Stress. including heart disease and osteoporosis. Although more extreme forms of hypogonadism are typically treated with estrogen supplementation. in the absence of other endocrine abnormalities. estrogen levels themselves may be affected by stress. women have a much lower risk of heart disease than men. Given emerging evidence of the links between stress exposure and estrogen levels. inhibiting ovarian function and decreasing levels of circulating estrogen. is associated with changes in important heart disease risk factors. subordinate females were characterized by hypercortisolemia. stress and depression are among the most important causes of functional hypothalamic hypogonadism.l " (2) increases in the likelihood of clotting.119 As shown in Figure 1. stress and persistent HPA activation can effectively shut down the HPG axis. impaired ovarian function. in tum. and women's health: potential etiologic pathways. There are several reasons to suspect that estrogen levels are related to the risk of heart disease among women.III. have been linked to specific health risks among women. I 23 and (3) increased storage of fat in the abdominal cavity. I 18. Thus. including: (I) acceleration of atherosclerosis as a result of frequent or sustained increases in blood pressure. emerging evidence indicates that among women. 118. such as increased serum Prolonged/acute stress -7 HPA activation -7 HPG inhibition -7 Ovarian dysfunction -7 Decreased estrogen levels Increased risk of heart disease I increased risk of osteoporosis FIG. 119 Such an effect has been observed in cynomolgus macaques. HEART DISEASE Research in a variety of animal models and in humans has established that stress and depression are significant risk factors for heart disease. Kaplan et al!18 showed that in comparison with dominant females. 125 but their risk increases steadily with age. In women. but there is growing interest in the relationship between endogenous estrogen levels and heart disease. estrogen. 124. The limited data that exist suggest that ovarian dysfunction may be quite common among premenopausal women'{' and that. First. in particular. a primate species with a complex social structure resulting in strong dominance hierarchies. .health consequences of stress exposure (particularly the risk of CHD).120. occult anovulation will generally go unnoticed and untreated (except in cases where women are trying to have children).121 ultiple etiological pathM ways have been proposed for these relationships. We consider these etiologic pathways in greater detail below. behavior dysfunction. researchers have begun to explore the role of ovarian function and estrogen in mediating the effects of stress on specific disease outcomes.1. Diminished estrogen levels. as discussed below. due to HPAinduced changes in platelet reactivity. Menopause. and low circulating levels of estrogen.123 Research on heart disease in women has been undertaken only in recent decades. ovarian dysfunction consists of a spectrum of conditions from amenorrhea to occult anovulation. impaired ovarian function resulting in diminished estrogen levels may itself be a unique pathway through which stress adversely affects women's health.

136 and are strongly associated with future morbidity and mortality. 138 Although findings have not been entirely consistent. 128 These findings suggest that estrogen may playa role in protecting young women against heart disease. the impact of other ovulatory disturbances on BMD was uncertain. ovarian function and atherosclerosis progression and their potential links to socioenvironmental stressors have not been studied prospectively in premenopausal women. although no relationship was observed between urinarr sex hormone excretions and CHD risk. To date. Although the relationship between stress and osteoporosis or fractures has not been studied directly. 133 IS extreme I common y among postmenopausal women in the United States. strongly supported by research with the cynomolgus macaques. I 17. as affected by short luteal phase. or oligomenorrhea. there is emerging evidence that depression is associated with decreased BMD and an increased risk of osteoporotic fracture in older women. gonadal dysgenesis. young women. history of premenstrual symptoms. Might diminished estrogen exposure before menopause predispose women to heart disease later in life? Several case-control studies suggest that this may be the case. 13 These findings. combined with emerging evidence of the effects of stress on estrogen levels. however. Early menopause (whether natural or surgical) is also associated with an increased risk of heart disease. OSTEOPOROSIS Osteoporosis. but this process was inhibited by exogenous estrogen. Irregular menstruation has been linked both to risk factors for cardiovascular disease like increased plasma fibrinogen concentrations and thickened or sclerotic arterial intima 129 and to risk of myocardial infarction. and premenopausal oophorectomy for BMD. 126 changes that are mitigated by estrogen supplementation in the form of hormone replacement therapy (HRT). via the same pathway described above for heart disease (see Fig. menstrual irregularities.137 suggesting a biologic mechanism for the observed relationship between estrogen deficiency and BMD. The pathway from stress or depression through ovarian dysfunction and diminished estrogen levels to heart disease is a plausible etiological pathway. suggest that impaired ovarian function may be a pathway through which stress affects heart disease risk among women. and vertebral osteoporosis or bone loss. 145-148 The high prevalence of depression and stress in women in the United States and the small changes in bone density associated with important increases in fracture rates together suzzest the oublic health imnortance of fur- . I 4 A review of the literature at the time of this discovery emphasized the importance of gynecologic disorders like amenorrhea. defined operationally as a significant reduction in bone mineral density (BMD) compared with that of average . however. subsequent studies have shown links between endogenous estrogen exposure. 127. 118 premenopausal subordinate females developed atherosclerosis at about the rate of male macaques (whereas atherosclerosis progression was very slight in dominant females).levels of low-density lipoprotein and decreased serum levels of high-density lipoprotein. 131 Results of a nested case-control study in the Netherlands suggested that anovulatory cycles were more frequent in women who later developed CHD. anovulatory cycles.139-144 The results of these studies suggest that less severe estrogen deficiencies could also operate to enhance the risk of osteoporosis and fracture later in life. seen both in postmenopausal women (not taking HRT) and in premeno~ausal women with ovulatory disturbances. 1).P" The presence of biologically active estrogen receptors in normal human osteoblast cells was demonstrated unequivocally in 1988.P" A smaller study showed that premenopausal women with CHD had significantly lower levels of plasma estradiol. 134 Hip and vertebral fractures are directly related to low BMD135.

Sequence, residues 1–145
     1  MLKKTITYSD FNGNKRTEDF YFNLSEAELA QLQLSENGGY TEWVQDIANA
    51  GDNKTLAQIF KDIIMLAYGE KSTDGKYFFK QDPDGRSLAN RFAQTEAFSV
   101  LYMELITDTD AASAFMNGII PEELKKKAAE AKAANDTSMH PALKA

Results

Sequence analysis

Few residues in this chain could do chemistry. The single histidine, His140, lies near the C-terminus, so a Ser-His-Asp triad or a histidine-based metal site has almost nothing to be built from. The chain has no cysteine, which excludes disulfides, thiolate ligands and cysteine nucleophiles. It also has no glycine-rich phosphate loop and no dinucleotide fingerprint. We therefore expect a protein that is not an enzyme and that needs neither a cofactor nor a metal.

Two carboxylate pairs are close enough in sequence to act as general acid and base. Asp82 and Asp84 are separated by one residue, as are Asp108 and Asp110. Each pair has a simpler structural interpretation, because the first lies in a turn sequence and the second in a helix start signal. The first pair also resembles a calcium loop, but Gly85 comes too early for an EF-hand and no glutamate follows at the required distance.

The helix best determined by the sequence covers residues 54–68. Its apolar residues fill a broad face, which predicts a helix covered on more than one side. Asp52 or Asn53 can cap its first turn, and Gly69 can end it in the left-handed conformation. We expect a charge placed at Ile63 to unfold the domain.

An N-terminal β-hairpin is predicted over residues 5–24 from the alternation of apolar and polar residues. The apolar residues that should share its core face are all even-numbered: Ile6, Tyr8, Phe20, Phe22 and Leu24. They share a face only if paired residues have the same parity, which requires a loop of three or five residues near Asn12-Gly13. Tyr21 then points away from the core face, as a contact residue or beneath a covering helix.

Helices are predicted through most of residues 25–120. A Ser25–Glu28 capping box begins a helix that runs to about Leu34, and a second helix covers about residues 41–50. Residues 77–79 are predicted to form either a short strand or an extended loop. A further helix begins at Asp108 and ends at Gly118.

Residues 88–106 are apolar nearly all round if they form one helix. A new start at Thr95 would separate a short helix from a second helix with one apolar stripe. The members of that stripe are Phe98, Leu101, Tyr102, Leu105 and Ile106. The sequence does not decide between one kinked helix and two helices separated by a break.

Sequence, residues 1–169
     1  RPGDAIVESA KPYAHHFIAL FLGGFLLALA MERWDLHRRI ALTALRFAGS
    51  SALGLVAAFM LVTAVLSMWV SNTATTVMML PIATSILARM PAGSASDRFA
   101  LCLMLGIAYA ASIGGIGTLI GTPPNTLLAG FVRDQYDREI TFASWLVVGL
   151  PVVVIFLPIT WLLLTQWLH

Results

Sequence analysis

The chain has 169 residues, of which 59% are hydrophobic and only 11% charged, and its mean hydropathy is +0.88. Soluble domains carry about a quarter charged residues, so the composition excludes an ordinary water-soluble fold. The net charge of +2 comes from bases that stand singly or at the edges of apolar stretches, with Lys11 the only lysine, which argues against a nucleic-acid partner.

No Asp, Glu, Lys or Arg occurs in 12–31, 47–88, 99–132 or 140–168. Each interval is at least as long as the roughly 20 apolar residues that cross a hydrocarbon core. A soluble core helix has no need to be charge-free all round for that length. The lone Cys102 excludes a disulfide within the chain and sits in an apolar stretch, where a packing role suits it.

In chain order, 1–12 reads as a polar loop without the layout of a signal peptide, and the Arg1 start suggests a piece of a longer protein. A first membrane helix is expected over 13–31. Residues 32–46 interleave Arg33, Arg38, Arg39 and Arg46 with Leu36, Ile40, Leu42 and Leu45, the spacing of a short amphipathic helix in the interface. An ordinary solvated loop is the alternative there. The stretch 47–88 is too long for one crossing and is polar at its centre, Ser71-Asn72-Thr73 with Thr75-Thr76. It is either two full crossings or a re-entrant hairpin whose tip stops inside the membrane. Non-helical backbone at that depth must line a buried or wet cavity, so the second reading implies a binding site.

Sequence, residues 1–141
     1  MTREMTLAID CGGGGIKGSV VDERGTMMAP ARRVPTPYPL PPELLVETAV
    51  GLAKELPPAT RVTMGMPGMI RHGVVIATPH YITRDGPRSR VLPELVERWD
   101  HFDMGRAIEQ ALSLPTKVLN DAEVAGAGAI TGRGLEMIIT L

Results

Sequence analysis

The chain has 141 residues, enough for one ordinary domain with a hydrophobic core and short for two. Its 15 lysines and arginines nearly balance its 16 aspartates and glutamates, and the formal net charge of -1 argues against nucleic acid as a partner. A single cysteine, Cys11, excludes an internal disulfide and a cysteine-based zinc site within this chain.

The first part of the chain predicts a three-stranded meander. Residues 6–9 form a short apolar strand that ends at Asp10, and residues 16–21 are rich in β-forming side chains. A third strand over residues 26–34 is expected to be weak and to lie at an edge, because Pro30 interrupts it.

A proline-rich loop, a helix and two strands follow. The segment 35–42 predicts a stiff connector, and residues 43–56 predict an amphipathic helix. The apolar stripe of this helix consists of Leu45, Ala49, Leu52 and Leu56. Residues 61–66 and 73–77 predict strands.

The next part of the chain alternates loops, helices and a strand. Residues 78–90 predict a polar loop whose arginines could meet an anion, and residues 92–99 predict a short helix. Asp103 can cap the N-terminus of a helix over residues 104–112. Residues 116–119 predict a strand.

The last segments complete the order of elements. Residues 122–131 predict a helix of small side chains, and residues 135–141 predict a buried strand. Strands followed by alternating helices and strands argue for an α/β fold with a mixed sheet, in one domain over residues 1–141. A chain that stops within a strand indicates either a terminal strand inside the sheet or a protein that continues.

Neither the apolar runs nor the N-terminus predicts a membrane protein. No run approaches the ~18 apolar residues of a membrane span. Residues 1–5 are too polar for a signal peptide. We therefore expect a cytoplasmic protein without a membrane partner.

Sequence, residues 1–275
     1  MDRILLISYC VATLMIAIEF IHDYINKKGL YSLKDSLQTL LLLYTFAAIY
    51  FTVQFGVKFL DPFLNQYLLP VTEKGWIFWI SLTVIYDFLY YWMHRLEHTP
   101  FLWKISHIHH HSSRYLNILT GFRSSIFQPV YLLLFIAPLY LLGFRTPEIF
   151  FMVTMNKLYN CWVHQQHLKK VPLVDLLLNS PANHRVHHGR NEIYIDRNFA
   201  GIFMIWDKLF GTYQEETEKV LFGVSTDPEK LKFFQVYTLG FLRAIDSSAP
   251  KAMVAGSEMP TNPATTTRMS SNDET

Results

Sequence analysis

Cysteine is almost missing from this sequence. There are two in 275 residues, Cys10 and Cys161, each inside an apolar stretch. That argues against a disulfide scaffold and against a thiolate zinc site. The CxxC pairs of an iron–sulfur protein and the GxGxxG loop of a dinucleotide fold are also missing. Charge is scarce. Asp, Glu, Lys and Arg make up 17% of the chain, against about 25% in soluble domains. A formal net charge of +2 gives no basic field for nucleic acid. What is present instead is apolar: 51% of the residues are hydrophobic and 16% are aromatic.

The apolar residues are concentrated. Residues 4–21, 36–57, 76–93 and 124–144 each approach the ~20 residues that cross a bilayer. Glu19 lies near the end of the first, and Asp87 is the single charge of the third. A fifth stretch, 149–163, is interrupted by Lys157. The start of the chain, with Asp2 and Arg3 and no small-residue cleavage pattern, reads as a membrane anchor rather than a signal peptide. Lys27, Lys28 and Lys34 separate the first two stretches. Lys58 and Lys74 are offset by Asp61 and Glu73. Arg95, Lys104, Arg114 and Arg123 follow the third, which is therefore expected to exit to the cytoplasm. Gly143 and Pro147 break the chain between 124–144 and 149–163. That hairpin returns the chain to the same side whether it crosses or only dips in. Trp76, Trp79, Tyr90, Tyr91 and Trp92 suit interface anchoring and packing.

but the mechanisms through which social support protects individuals were previously not well understood. divorce. it rarely links these mechanisms and outcomes back to the varying social environments of men and women. results from a complex interaction of biologic. In fact. and psychological factors. but they also attempt to explain individual or group differences in stress responses by examining the influence of the social environment on the walc that particular stressors are appraised. There is little doubt that the strains associated with balancing the demands of work and family and providing care to aging parents.151 shows great promise for understanding how socialpsychological factors influence biologic stress responses and. 146--149 Sociological research clearly indicates that the roles and statuses that women occupy structure the number and types of stressors to which they are exposed. ultimately. researchers in each discipline emphasize different aspects of this process and rarely combine their efforts. epidemiologists are interested in differences between the sexes in disease risk. depression. Psychoneuroimmunologists have made important contributions in this regard by establishing that social support has direct beneficial effects on immunocompetence and on cardiovascular and endocrine systems. The result is a somewhat fragmented view of the causes and health consequences of the stressors that women encounter in their daily lives. social. In contrast. which emphasizes the interaction of psychosocial processes with nervous. Making these links is essential to a complete understanding of the stress process as experienced by women. have important implications for women's health risks. psychologists. Although sociologists. The positive association of social support with mental and physical health is a central component of the sociological model of health and illness. many biomedical studies of the stress process focus exclusively on laboratoryinduced stressors. Not only do health psychologists recognize that social and psychological influences on group differences in health are mediated by biologic processes. but they generally do not have the theoretical framework or methodological tools to consider social context in sufficient detail to incorporate it into their causal disease models. and biologic dimensions of the stress process. they rarely investigate the effects of these stressors on specific disease outcomes. an approach that precludes a consideration of gender differences in biologic reactivity to stressors based upon their salience or relevance to one's identity. psychological. and biomedical researchers commonly agree that the health of all individuals.ther investigating the links between stress. Thus. endocrine. poverty. Although social scientists have made great contributions by identifying socially structured variations in exposure and emotional vulnerability to stress. An integration of these lines of research has great potential for the development of a more complete understanding of the processes underlying gender differences in specific disease risks. and single parenthood. including women. as well as the challenges associated with aging. emerging research in health psychology and psychoneuroendrocrinology indicates that the primary biologic pathways through which these stressorsaffect health differ for men and women.152 Psychoneuroimmunology has also been successful in identifying gender differences in the links hetween socioenvironmental . althnnch nhvsiolooical and enidemiolocical Avenues for Interdisciplinary Research research has greatly enhanced our understanding ofthe specific mechanisms through which stress affects health and has shed light on sex differences in health outcomes of the stress process. The field of health psychology has made great strides in integrating the sociological. Moreover. I 0 Psychoneuroimmunology. disease risks. and immune systems. and osteoporosis.